After some time of fawning over our son, we decided to call our parents. A is the first grandchild for 3 of the 4 parents. They each dropped what they were doing and raced to the hospital.

We had a wonderful day together as a family checking out every feature and detail of his flawless body, holding him, kissing him, talking to him, singing to him, taking photos, pressing his footprints. A truly memorable day.

We asked our folks to leave so that we could have an hour or so together, just the three of us. When the time came to go home, I placed him in the bassinet, wrapped in his blanket we had brought. I kissed his soft, cold cheek and we walked out of the room, closing the door behind us. I lost it right then and there. I couldn’t leave him!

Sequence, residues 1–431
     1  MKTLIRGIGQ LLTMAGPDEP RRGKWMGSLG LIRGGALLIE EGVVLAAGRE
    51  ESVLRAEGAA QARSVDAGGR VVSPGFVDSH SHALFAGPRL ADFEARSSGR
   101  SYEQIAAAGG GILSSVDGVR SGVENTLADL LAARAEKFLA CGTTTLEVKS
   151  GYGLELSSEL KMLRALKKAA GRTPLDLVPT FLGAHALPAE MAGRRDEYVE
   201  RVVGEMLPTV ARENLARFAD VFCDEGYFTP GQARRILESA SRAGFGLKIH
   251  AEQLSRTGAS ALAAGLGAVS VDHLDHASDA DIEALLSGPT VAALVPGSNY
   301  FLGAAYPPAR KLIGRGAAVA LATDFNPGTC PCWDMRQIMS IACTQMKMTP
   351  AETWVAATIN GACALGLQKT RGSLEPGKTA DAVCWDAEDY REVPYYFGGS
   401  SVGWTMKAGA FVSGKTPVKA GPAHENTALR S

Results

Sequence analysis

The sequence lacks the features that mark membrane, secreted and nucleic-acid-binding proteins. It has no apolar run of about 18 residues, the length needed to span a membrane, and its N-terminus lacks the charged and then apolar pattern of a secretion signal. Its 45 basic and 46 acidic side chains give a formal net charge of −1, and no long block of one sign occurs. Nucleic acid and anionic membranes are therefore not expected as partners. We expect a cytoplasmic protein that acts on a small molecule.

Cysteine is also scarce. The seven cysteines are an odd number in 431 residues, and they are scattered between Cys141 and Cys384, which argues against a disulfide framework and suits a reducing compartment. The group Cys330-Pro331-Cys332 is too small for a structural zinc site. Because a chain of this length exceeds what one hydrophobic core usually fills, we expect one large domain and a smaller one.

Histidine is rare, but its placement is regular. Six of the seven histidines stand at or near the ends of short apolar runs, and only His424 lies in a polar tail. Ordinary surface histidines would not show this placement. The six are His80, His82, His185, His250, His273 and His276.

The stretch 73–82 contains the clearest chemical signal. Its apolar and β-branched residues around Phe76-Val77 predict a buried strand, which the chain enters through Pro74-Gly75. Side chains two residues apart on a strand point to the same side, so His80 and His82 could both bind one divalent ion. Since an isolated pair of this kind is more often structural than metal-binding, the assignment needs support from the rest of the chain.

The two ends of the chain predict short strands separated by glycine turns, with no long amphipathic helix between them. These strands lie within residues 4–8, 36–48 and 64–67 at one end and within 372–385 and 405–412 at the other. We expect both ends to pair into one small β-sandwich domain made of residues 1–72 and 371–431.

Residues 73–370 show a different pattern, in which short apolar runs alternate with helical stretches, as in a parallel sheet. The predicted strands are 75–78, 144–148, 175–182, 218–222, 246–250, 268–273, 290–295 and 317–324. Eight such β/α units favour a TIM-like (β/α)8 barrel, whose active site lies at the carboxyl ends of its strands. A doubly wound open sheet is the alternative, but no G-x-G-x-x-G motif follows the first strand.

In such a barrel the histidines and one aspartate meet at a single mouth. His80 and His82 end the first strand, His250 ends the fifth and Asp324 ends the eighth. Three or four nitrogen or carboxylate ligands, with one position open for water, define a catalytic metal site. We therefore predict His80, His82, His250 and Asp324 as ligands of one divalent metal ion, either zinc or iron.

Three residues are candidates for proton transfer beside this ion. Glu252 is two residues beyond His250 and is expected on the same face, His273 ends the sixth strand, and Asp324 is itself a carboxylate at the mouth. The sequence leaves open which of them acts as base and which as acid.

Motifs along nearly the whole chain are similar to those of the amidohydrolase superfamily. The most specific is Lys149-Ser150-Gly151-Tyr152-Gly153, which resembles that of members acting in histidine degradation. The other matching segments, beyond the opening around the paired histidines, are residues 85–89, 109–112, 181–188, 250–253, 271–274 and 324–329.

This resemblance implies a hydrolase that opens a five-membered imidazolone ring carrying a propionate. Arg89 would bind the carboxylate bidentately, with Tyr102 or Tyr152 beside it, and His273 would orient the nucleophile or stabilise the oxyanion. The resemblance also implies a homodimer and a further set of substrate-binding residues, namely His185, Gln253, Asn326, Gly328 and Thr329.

E calmly said, “Let’s go back in.” We go back into the room and simultaneously, each kiss one of his cheeks. We again walk out and close the door. The cleaning lady is working in the room next door. “Is there somebody in there?” she asks. “There is.” replies E. “I won’t go in if someone’s in there.” she responds.

I bawl the entire walk down the hallway. Propped in the corner of the elevator I am sobbing. Crying like a banshee E escorts me toward the exit door. I cannot bear to leave my child. Deep down inside I know the second we walk through that door, I will never see my son again. As soon as we cross the door to outside, I collapse on the ground. E patiently sets down the gigantic hospital bag, picks me up, holds me, kisses my forehead and talks to me. Calmer, he hoists the bag to his shoulder again and we walk to the car for the short drive home.